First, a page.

The 10 Best Selling Shoes Of Q1 2018 Were All From Nike/Jordan
The rise of adidas over the last few years has led to a stiff contest between the German brand and U.S.-based Nike, with each giant trading blows in both the innovative and lifestyle battlefield. Over the last year, a lot of the momentum shifted back to Nike thanks to the popularity behind its collaboration with Virgil Abloh and his fashion label Off White, but what occurs in the realm of the fashion forward is hardly an indication of what goes down on a larger scale. It’s really about brand awareness and value, which is how adidas has managed to steer itself from the ground level into the best sneaker brand in the world just two years ago. In the first quarter of 2018, adidas again outperformed its competitor, but only grew in the mid-teens – a steep decline from the growth it saw over the last three years. Nike is still growing, but in the low singles.
The ten best-selling shoes, according to Matt Powell, in Q1 2018 were all by Nike/Jordan, although many of the models in this list (as usual) are lower-priced budget options that are found at department store chains. In order, they are the Nike Tanjun, Air Jordan 11 Low, Air Jordan 1 High OG, Nike Air Max 270, Nike Air Huarache, Converse All Star Low, Nike Revolution 4, Air Jordan 9, Nike Air Force 1 Low, and Nike Flex Contact.
Top-selling shoes don’t necessarily indicate that the brand is equally flourishing; Jordan Brand has three names on this Top 10 list, but the brand itself posted declines in sales because their lateral depth isn’t as strong as Nike and adidas. Other surprises in this Top 10 is the Air Max 270; it usually takes a few seasons for new footwear to catch on to the mainstream, but this one caught on quick. Kudos to Nike’s marketing team for getting it in front of as many eyeballs it could.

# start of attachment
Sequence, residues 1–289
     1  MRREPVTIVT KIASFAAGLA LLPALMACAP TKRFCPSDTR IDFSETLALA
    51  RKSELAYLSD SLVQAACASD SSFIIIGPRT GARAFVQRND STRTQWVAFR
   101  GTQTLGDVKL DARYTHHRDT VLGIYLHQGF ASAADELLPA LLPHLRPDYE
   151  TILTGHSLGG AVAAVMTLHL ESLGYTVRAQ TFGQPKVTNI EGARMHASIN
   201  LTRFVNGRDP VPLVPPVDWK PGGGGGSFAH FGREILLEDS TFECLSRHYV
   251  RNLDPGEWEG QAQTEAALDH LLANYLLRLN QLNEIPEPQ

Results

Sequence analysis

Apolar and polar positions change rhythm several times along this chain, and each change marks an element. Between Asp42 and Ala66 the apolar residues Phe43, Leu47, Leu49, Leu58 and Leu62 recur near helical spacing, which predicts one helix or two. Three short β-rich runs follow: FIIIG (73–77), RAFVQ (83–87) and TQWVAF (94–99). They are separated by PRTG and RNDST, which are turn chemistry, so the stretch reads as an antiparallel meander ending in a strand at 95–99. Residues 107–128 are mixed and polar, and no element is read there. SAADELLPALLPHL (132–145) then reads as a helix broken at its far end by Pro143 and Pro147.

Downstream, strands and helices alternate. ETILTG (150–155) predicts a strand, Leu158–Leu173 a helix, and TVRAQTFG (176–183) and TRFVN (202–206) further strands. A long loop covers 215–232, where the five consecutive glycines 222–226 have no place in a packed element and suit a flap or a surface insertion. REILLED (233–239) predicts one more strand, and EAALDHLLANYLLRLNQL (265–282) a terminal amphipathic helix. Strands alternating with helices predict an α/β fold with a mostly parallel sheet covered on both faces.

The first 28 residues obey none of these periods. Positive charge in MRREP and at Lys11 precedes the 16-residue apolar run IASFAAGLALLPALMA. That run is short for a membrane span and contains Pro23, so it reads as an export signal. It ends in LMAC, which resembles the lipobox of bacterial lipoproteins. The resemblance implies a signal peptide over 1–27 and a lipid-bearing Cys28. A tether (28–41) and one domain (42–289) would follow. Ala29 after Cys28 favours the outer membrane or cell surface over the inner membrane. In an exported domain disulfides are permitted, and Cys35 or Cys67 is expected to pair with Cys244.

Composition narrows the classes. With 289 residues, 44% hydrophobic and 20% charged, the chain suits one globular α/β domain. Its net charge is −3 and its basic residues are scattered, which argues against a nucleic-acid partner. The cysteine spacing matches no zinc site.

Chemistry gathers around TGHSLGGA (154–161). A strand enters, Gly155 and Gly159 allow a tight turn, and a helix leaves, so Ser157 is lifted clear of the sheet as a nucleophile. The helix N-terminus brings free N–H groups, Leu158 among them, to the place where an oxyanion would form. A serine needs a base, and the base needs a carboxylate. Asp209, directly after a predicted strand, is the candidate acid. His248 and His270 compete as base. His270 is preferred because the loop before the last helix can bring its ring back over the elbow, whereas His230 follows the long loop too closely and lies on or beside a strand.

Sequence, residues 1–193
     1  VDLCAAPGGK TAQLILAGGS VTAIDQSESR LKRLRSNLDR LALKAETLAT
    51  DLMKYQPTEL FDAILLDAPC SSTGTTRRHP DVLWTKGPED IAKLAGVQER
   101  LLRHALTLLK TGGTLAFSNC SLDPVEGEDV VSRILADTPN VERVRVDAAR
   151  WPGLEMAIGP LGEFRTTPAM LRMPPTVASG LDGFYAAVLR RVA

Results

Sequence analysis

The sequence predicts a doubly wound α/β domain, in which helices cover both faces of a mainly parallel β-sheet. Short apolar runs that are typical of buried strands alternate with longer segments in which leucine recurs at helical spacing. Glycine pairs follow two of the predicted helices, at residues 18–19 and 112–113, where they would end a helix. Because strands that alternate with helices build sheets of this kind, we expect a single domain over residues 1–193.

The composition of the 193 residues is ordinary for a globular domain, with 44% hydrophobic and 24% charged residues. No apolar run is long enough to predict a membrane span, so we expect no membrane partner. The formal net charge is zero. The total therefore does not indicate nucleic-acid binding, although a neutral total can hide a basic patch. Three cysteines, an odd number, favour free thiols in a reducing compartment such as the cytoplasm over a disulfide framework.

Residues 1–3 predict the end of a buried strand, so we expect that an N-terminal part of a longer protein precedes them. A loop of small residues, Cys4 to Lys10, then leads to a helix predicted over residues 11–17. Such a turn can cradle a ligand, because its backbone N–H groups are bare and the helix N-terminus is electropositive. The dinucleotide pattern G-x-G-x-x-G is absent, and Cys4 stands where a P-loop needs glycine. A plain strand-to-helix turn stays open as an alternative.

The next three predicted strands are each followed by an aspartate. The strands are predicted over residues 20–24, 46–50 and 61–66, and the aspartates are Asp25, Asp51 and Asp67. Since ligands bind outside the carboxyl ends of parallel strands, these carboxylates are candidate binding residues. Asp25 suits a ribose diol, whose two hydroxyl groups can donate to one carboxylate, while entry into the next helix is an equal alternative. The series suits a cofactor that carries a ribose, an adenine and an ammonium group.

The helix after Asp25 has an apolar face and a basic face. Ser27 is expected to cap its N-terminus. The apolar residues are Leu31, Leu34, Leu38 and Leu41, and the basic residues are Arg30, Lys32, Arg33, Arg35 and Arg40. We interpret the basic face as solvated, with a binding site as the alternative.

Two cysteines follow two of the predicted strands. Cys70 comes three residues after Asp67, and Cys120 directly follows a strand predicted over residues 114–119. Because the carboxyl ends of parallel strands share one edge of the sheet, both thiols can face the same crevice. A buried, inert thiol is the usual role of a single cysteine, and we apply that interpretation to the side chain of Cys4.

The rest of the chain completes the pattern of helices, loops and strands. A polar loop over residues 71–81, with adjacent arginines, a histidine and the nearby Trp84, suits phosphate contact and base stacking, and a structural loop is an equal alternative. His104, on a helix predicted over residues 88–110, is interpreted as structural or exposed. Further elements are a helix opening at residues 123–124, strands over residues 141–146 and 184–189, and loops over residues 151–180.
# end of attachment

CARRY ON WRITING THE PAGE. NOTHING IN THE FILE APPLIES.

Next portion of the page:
One bit of info that shouldn’t be overlooked is that adidas is nowhere to be found on this list. The Superstar and Tubular models were among the ten best-selling sneakers of 2017, proving that the brand value in the eyes of the mainstream was still very high. But the trend of wearing tre-foil tracksuits and simple iconic pieces has cooled off and on the more concentrated “sneakerhead” front, Nike and Jordan have simply been dominant. Just as the core sneakerhead demographic spelled the rise of adidas long before the numbers came into play, the reverse fate could possibly materialize – unless adidas unveils something major before 2018 comes to a close.
Several other factors may come into play when determining the future of adidas. While the brand has indeed been around for decades, its rise hinged on trends rather than an air of timelessness. Furthermore, its chief hype-builder Kanye West is beginning to drop Yeezys in mass quantities so he can live up to his claim of making enough pairs for everyone, but with the intersection of availability and desire being a sensitive one, it’s hard to tell just how sustainable its success can be. The demand for Yeezy Boost 350 v2 and his other models is still there, despite the declining re-sale value of its most recent drops. Other key developments to look out for in 2018 is the “return” of the Ultra Boost and, of course, Drake’s collaboration with adidas allegedly called Adidon.